Right now, we can only hope that the financial system is safe and stabilized by some swift government action over the weekend. Stock markets were mostly flat today. Interest rates on government bonds fell. Gold and silver rallied – that’s not a great sign, but, right now, there is no contagion in the banking system, right now.
Look, like everyone, I hope Silicon Valley Bank The problem is contained, but as someone who reported on two daily shows during the financial meltdown of 2008-2009, I know how difficult, indeed heartbreaking, a widespread banking collapse can be, especially for typical working families.
No one wants to see another stock market crash or banking crash. Well, like you, I hope this Silicon Valley Bank crisis is contained, but I’ve never liked that word “contained” because that’s what the government authorities were saying all the way back in 2007 and 2008 and they’re saying it again now.
In the meantime, we’ll see what’s been done. The Fed, the Treasury and the FDIC have guaranteed all deposits at SVB. The Fed has launched a new liquidity facility that will make one-year loans to federally insured depositories, mostly collateralized by bonds that will be priced at par.
DEMOCRAFT MEETING MONDAY NIGHT TO PLAN RESPONSE TO BIDEN’S HANDLING OF SVB DEMOLITION
It includes some help for Fed overnight loans, and the Fed is opening the discount window wider for emergency loans. Well. Bang bang bang. They did all these actions. Will this stop the bleeding?
I honestly don’t know. This is a known unknown. Recently, a bunch of regional bank stocks fell sharply. This is not good. This whole story is kind of weird because SVB they had a liquidity problem and badly messed up the risk management of their securities portfolio.
They had a lot of money in deposits, but they continued to use it to buy medium and long-term government bonds, the value of which continued to fall as interest rates continued to rise. Meanwhile, the cost of money on the liability side, including deposit rates, has risen astronomically and rapidly over the past year – from zero to 5%.
So it was a classic asset-liability mismatch: the borrowing rate exceeded the return on assets. The yield curve was upside down and they didn’t know how to deal with it. Now, they may not be alone in managing their risks, but they sure did prevent, and I think that’s the biggest problem SVB has.
Then they start selling assets, chasing lower prices. It’s like catching a falling knife. You can’t do it. So their equity investors disappeared, management was properly thrown out and now the government owns and runs it. We’ll see how they do.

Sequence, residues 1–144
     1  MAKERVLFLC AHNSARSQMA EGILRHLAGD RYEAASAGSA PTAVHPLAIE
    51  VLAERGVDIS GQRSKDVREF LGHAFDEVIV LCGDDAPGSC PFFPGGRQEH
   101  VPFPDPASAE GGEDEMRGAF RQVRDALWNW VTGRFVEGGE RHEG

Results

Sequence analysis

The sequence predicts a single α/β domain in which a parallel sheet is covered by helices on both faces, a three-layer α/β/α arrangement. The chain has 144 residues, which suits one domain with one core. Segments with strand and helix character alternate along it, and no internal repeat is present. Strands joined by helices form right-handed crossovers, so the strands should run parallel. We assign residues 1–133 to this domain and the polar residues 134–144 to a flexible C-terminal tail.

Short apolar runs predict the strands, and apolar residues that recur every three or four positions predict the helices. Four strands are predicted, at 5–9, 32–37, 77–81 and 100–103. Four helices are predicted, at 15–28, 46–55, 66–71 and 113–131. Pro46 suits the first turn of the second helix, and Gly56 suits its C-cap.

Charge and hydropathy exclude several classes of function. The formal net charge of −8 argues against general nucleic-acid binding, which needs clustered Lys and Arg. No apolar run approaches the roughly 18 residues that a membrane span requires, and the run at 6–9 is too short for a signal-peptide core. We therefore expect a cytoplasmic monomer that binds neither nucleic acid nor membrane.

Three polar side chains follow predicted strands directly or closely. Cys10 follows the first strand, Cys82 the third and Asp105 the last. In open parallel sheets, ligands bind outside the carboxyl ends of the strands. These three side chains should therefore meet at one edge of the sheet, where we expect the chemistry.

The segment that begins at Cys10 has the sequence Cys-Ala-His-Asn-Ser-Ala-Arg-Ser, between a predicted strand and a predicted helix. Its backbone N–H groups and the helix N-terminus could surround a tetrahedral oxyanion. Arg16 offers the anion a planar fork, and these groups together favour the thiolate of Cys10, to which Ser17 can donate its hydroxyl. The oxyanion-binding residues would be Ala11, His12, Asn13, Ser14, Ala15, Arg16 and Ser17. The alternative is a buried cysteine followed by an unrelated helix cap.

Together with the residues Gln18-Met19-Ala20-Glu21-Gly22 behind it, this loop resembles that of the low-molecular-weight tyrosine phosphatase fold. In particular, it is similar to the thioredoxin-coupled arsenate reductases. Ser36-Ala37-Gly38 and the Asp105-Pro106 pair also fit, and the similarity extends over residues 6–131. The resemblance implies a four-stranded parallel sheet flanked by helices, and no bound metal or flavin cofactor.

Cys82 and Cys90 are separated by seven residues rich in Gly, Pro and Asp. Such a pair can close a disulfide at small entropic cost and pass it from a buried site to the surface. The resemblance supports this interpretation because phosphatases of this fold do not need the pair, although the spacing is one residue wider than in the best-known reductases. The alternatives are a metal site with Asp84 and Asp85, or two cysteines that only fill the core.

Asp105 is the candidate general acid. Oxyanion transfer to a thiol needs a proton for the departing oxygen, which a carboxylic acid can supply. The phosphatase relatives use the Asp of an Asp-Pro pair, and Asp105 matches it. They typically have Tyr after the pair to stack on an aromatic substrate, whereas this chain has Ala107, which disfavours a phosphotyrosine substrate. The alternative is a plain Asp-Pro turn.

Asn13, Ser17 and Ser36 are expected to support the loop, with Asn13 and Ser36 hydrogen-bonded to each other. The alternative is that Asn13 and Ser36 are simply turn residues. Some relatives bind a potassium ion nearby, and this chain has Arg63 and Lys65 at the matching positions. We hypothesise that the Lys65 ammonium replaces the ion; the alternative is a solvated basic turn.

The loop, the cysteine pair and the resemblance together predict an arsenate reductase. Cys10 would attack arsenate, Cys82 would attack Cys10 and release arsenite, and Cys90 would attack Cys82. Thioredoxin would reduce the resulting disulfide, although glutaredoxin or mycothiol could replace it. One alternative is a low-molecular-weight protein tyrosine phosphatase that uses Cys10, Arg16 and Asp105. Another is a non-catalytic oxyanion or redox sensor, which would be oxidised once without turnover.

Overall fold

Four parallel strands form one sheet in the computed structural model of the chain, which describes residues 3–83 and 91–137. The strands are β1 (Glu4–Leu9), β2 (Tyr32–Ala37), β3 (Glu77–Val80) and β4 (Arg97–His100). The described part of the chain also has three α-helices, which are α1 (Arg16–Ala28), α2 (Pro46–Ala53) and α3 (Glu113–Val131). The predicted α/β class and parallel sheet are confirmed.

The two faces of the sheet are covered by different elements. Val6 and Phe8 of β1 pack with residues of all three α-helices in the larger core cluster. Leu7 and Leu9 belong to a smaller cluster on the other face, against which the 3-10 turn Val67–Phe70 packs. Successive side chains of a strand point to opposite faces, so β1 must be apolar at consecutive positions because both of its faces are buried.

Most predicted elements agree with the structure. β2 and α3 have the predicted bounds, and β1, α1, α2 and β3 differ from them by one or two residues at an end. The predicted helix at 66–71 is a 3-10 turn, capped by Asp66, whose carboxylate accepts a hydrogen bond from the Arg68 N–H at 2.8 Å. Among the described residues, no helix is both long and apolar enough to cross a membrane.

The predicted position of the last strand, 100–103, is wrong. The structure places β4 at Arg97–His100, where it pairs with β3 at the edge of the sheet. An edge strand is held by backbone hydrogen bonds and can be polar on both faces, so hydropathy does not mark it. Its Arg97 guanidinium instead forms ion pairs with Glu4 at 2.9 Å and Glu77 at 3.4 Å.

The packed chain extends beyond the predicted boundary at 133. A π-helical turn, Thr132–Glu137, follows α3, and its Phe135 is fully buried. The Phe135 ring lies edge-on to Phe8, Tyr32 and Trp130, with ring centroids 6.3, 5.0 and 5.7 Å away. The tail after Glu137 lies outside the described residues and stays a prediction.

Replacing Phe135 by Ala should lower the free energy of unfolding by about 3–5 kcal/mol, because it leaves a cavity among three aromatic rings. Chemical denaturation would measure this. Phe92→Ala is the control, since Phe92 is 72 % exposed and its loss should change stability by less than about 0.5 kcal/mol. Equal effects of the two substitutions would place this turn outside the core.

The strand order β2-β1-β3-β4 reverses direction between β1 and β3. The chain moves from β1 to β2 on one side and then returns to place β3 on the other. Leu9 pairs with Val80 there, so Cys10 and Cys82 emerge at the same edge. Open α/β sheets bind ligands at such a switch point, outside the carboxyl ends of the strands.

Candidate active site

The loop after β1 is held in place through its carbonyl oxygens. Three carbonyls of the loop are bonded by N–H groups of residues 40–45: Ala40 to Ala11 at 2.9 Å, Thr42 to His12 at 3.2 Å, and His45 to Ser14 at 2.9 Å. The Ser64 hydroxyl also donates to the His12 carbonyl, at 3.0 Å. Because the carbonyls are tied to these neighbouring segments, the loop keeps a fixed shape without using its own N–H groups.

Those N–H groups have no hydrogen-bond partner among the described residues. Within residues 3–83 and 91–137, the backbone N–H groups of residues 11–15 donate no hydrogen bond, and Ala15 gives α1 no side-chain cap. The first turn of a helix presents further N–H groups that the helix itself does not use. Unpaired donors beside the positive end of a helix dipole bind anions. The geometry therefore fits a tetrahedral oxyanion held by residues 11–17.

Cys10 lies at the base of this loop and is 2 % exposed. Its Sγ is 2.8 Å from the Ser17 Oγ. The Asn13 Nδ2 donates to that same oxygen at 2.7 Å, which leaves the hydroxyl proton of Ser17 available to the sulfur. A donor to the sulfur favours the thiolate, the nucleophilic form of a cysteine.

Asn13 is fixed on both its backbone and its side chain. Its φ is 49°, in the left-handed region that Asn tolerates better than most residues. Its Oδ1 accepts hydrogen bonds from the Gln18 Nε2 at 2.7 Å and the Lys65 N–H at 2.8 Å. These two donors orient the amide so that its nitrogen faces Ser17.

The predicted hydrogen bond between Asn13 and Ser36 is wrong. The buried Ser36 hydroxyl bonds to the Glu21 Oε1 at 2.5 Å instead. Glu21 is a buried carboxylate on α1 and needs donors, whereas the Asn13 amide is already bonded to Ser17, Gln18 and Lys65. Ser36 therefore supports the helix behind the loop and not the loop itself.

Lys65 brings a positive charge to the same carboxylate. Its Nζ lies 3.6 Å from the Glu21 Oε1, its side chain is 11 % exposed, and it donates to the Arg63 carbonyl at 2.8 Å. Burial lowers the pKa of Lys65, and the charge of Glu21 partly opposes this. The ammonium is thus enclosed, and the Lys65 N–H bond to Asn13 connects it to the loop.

At the moment, the way these government aid programs are structured is very strange. It is both inflationary and contractionary. Economist Larry Lindsey got it right this morning: valuing the bond portfolio at par actually increases liquidity, but the collapse of the entire bank will lead to tighter lending standards, likely freezing all lending.
This is a financial contraction and, to some extent, because SVB is the financial pulse of the entire Silicon Valley private equity tech world, I hope they are still fulfilling their core banking and payroll functions, but they are not going to extend loans and the entire the tech world may suffer.
I don’t know why the bank hasn’t been sold yet. I do not understand it. There are rumors that one of Elizabeth Warren’s radical socialist protégés at the Federal Trade Commission, who now heads the CFPB and sits on the board of the FDIC, is stopping the SVB takeover.
If this is true, it’s pure bullshit. Socialism strikes again, but I also have to wonder about the quality of their loan portfolio. Let me put it on the table. Who knows? They haven’t reviewed it yet.
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Perhaps the final lesson here: wouldn’t it be great if the left-wing Bidenomics tax-and-spend program was thrown into the dustbin once and for all? Because, you know what, the $5 trillion in spending that was injected in early 2021 and continued for two years created big inflationary pressures and Jay Powell’s Fed weakly helped them along and all they got was a burst of inflation and then an interest burst velocity and then inverse yield curve.
This seems very difficult for bank risk managers. This whole thing has been a sad story since the beginning, more than two years ago. Now, we have to wait on braces and hope that upside economic policies can be prevented by another upside economic crisis. It’s not good. Hopefully there is no transmission.
This article was adapted from Larry Kudlow’s opening commentary in the March 13, 2023 edition of “Kudlow”.